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The Quality Fair and some email advice


The Quality Fair never ceases to amaze

By Adam Overland

Levine 165
Keynote speaker Stuart Levine addresses the audience during the 2010 Quality Fair.
--Photo by Patrick O'Leary.

February 23, 2010

Every year I go to the Quality Fair and every year I'm surprised. Maybe I'm a pessimist, but quality implies such a philosophical notion--an often concretely indefinable concept. Yet every year I see quality demonstrated, even though my expectations are always uncertain. Maybe it's because the fair is held in February, the longest month in Minnesota. But each year I root around among the poster displays from people all over the U, listen to a few, always excellent, speakers, and emerge like a Punxsutawney Phil without a shadow--a cloudy optimist, happy to find the winter weight-gain not projected on the ground for all to see (although low in the sky, the sun can be thinning).

No doubt it's going to be a difficult next few years for all of us. The budget is grim, and people nationwide are hurting. This year's theme "Leadership at Every Level" couldn't have come at a better time. Ideas and projects centered on how to balance more with less--more work, fewer people, scarcer resources, and less time. Keynote speaker Stuart Levine says this is exactly when leadership capacity is critical.

Demographics are changing and the Minnesota population in particular is aging. Levine says this trend is even more pronounced in higher education. Opportunities will emerge, and with the right foundation, leaders will follow. He says that one key challenge will be providing for workers' continual need to learn, and nowhere is learning more convenient than at an institution of higher education. For more information, see Levine's presentation.

Time and the challenge of email
Very few of us love the smell of email in the morning, but we can sense its presence, and know it's going to be there with or without us; so what to do about it?

Arthur Hill, the John and Nancy Lindahl Professor for Excellence in Business Education at the Carlson School of Management, presented "Personal Operations Management: Lean Principles for Getting Good Things Done," at this year's fair. He has more than 30 years of research, teaching, and consulting in operations management, and has given similar presentations at companies including Best Buy, Goodwill Industries, and the Home Depot. His presentation, broadly, is about managing time and work effectively, but for the purpose of brevity, I excerpt here some of his words on the ubiquitous issue of email. He says he once spoke with a dean who admitted to having more than 6,000 unopened emails.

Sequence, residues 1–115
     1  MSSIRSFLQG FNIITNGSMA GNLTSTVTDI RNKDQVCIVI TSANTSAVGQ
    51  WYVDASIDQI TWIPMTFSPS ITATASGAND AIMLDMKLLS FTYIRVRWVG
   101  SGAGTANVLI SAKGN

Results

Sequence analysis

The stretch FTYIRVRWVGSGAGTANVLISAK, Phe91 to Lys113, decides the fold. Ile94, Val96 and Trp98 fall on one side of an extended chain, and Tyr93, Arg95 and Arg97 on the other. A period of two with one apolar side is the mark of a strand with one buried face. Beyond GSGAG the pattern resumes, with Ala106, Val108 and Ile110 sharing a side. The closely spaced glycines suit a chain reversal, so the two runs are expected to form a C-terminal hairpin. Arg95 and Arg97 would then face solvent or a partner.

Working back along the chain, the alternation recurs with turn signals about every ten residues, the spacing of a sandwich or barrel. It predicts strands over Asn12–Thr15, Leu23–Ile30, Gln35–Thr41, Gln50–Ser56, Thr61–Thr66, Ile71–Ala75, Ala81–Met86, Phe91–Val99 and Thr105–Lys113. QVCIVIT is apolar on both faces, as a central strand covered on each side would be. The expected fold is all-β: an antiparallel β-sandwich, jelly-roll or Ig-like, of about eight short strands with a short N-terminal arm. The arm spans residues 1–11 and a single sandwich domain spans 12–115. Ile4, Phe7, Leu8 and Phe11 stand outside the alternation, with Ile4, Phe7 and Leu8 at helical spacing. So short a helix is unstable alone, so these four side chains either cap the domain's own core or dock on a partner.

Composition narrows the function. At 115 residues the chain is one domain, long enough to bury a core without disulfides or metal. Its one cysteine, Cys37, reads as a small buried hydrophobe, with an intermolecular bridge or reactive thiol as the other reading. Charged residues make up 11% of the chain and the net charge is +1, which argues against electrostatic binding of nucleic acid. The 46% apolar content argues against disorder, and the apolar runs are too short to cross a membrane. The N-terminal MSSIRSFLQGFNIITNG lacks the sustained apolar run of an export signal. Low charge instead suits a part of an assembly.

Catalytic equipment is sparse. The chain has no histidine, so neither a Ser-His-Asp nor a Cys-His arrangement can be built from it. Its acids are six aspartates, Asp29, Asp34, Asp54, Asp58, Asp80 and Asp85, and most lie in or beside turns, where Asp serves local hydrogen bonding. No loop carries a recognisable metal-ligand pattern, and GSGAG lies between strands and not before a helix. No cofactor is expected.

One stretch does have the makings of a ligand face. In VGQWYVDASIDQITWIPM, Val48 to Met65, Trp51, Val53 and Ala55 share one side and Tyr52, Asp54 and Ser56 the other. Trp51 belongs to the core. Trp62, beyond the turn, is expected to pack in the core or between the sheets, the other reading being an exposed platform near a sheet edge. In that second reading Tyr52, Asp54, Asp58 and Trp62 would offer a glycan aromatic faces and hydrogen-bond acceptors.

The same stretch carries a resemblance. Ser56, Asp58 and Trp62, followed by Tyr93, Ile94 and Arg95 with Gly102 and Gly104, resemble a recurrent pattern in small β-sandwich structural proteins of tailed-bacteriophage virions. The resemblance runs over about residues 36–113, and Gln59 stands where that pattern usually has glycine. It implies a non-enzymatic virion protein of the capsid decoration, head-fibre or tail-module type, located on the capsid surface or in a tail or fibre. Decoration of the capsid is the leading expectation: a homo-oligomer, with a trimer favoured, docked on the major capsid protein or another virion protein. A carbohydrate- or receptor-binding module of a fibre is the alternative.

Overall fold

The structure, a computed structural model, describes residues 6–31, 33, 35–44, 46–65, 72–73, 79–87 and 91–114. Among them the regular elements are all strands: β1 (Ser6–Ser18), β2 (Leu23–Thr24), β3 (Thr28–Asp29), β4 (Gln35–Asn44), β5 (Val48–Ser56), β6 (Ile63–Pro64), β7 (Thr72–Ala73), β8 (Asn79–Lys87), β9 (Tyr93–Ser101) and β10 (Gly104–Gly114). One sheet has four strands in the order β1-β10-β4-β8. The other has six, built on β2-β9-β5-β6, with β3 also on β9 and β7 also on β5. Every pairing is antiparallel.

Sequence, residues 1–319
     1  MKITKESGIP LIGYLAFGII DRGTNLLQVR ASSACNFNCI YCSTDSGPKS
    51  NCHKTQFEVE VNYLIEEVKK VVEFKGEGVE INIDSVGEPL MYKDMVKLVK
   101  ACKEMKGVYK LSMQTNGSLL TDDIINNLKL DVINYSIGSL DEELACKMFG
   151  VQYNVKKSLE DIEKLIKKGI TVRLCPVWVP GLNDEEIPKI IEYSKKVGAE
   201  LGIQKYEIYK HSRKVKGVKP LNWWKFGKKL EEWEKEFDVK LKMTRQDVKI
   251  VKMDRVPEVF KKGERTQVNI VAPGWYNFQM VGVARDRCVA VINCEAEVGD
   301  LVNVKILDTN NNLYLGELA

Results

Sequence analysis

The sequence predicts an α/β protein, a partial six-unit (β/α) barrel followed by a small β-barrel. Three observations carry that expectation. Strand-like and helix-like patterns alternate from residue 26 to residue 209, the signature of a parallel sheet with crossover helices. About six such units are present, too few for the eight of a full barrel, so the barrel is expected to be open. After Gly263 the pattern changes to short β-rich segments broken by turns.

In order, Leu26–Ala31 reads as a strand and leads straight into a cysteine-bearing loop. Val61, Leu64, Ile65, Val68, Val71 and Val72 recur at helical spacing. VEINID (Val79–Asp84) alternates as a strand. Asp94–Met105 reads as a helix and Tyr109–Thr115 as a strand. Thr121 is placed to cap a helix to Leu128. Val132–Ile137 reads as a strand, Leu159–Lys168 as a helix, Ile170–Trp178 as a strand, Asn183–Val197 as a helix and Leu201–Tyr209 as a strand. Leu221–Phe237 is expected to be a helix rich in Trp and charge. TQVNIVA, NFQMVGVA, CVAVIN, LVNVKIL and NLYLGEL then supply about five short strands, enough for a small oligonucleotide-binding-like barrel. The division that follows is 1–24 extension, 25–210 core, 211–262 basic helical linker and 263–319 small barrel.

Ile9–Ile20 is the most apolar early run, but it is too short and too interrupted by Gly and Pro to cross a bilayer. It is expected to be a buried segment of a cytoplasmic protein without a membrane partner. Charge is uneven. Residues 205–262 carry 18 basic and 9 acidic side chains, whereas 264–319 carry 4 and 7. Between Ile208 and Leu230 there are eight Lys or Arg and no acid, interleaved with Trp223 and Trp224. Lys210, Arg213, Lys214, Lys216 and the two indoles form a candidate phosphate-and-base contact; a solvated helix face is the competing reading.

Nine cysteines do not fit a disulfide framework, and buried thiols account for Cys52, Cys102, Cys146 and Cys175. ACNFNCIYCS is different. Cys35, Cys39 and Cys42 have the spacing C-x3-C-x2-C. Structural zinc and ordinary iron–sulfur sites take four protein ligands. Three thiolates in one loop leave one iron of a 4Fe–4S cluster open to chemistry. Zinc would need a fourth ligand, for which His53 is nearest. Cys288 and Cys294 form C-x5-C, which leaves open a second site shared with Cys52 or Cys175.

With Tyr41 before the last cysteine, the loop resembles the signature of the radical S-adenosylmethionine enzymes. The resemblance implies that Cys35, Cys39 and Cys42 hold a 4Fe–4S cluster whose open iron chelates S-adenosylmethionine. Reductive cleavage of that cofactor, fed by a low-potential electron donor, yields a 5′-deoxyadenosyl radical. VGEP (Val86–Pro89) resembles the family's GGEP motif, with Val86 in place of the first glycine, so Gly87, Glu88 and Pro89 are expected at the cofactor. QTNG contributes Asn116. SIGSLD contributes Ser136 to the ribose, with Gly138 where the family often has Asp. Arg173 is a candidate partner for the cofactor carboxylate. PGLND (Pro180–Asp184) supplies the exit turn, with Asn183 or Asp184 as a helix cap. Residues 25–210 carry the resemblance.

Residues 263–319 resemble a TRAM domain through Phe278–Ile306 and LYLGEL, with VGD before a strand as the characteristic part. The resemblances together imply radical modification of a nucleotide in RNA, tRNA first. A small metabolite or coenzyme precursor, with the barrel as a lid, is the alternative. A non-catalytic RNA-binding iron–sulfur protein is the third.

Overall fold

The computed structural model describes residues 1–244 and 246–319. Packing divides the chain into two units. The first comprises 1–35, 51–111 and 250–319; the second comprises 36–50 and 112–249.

For most of us, the barrage of emails is not quite that extreme, but the problem of too much to do contributes to stress, worry, and guilt, says Hill. This, in turn, tears down our mind, body, and spirit. So Hill suggests a few simple but meaningful habits to make a part of your work life.

For starters, he says, remember the "pi" rule: "Tasks regularly take 3.14 times longer than you plan." Thus, it's important to be organized. He suggests making a task list that is both prioritized and actionable. For example, he says, don't put "paint the house" on the list. Instead, break it into manageable steps. Start with "buy paint."

With email, he says, it's important to remember a few simple rules, and some of them, I admit, seem downright foreign. For example, "Never check email in the morning," is one of his most important rules. He says instead that we should start the day with goals and bigger projects--email should not be on a "to-do" list.

Other email advice:

  • Abide by the two-minute rule--if it takes less than two minutes, do it now.
  • Write short emails with very concise and meaningful subject lines and do not cc unless absolutely necessary--very often, the cc is not necessary and is a waste of many people's time.
  • Reduce the number of emails you write to reduce the number you receive. Do not write a "thank you" email every time you receive a correspondence.
  • Never have more than one screen of emails open at a time.
  • Open an email once, and process it right away.

Finally, says Hill, remember that interruptions occur about every 2.5 minutes, and it usually takes about 10 minutes to recover from each interruption. The main source of the interruption? You.


There were many more presentations at the Quality Fair, and far too many poster presentations detailing innovative projects under way at the U to even begin to detail here. You can find more information about some of the best and most innovative projects as they are posted online next week at Quality Fair Awards 2010.